Learn how to stop and prevent spread rabies in dogs
Rabies is a vaccine-preventable viral infection that attacks the brain and nervous system. Although all mammals are prone to it, rabies mainly affects carnivores, including dogs and bats. While rabies is a fatal infection, it is preventable. This article provides comprehensive information about the rabies virus, its transmission, symptoms, and prevention.
Transmission Of Rabies In Dogs
- Foxes, skunks, raccoons, and bats are familiar sources of infection in North America. However, stray dogs are the primary reservoirs in Asia, Africa, and Latin America. Human infections and fatalities commonly occur from the bite of an infected dog. The virus is secreted in the saliva of an infected animal and transmitted through a bite wound. The virus enters the body when a bite breaks the skin.
In addition, exposure of an open wound to the saliva of an infected animal also transmits the virus. Bats, raccoons, and other wild animals are the most common source of rabies virus transmission in dogs. About 500 cases of rabies are reported in pets each year. However, since it is 100% preventable by timely vaccination, rabies is not common in dogs in the U.S.
- The incubation period refers to the time until the clinical signs appear. The virus can stay in a dog’s body for several weeks before it begins to show symptoms. The incubation period can be much longer or shorter in different species, but most cases develop within 21 to 80 days after exposure to the rabies virus.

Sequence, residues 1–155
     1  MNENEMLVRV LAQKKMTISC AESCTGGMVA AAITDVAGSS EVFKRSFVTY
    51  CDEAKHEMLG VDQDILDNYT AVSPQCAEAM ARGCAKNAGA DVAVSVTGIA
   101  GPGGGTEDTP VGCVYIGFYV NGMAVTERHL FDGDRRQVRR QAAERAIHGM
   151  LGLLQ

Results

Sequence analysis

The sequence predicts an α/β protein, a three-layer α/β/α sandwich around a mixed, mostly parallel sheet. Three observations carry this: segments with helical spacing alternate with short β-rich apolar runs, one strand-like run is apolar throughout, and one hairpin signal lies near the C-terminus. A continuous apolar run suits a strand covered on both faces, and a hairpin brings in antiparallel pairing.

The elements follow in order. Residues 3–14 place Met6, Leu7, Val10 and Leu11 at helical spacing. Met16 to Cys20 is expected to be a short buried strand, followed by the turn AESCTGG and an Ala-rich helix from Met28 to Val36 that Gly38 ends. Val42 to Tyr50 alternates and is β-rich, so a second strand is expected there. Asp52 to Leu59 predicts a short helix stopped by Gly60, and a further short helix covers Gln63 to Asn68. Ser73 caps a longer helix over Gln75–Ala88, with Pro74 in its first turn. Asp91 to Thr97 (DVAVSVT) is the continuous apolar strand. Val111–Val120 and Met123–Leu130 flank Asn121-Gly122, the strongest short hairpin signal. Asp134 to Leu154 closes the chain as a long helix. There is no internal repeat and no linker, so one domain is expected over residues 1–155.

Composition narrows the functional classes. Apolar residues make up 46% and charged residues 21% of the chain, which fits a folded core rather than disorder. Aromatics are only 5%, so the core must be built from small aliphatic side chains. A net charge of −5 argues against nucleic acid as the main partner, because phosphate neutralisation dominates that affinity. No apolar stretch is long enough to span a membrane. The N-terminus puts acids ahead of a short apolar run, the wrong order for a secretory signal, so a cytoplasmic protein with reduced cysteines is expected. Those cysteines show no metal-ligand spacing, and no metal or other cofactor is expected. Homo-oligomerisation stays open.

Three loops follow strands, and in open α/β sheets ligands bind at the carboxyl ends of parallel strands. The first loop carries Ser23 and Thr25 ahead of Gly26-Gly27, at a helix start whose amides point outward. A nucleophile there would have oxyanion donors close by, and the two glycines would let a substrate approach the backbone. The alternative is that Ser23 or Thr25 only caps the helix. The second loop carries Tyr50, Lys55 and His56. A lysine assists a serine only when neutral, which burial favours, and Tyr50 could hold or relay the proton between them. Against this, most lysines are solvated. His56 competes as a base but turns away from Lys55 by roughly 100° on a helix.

The speed at which the signs develop depends on the site of the bite, the severity of the bite, and the amount of virus entered through the bite. Rabies can’t be treated once it begins to show symptoms. Therefore, you must call your vet as soon as your dog gets bitten.
Symptoms Of Rabies
Pay particular attention to your dog’s behavior; if you suspect rabies in your dog, call a vet immediately.
- Infected dogs quickly become irritable and restless.
- Show signs of aggression.
- May become uncharacteristically affectionate.
- Lights, movements, and sounds can overstimulate and negatively affect the dog’s behavior.
- Physical signs include fever, seizures, excess drooling, difficulty swallowing, and paralysis.
- Foaming at the mouth.
Prevention Of Rabies
- Vaccinating your pet on schedule is the best way to prevent rabies. The vaccine helps your dog in several ways. It protects a dog from rabies and prevents the spread of infection if a dog bites someone. When a pet is vaccinated for rabies, there is no risk of virus transmission. However, the dog whose vaccination is not up to date has to be quarantined or even euthanized after exposure.
Another way to prevent rabies in dogs is by avoiding contact with wild animals. Always be aware of your surroundings when walking your dog. Animals that roam free are more likely to catch the virus from wild animals; walking your dog on a leash is better.
Effectiveness Of The Vaccine
- Vaccination is the foundation of rabies prevention. It stimulates the production of antibodies that fight the virus. However, the vaccine is only effective if administered before the virus enters the nervous system. Rabies vaccine has been developed for cats, dogs, horses, ferrets, etc., and are highly effective and safe.
Dogs and cats should be vaccinated for rabies before they reach the age of sixteen weeks. In the United States, revaccination boosters are required. But the frequency of vaccination depends on the state laws. Consult with your veterinarian for the appropriate vaccination schedule.
If your dog is not acting right, consult a veterinarian immediately. At Autumn Trails and Veterinary Center, we provide urgent pet care. We have the experience and technology to handle all types of healthcare needs of your pets. We are located in Charlottesville, VA. Appointments are conveniently available. Call us at 434-971-9800.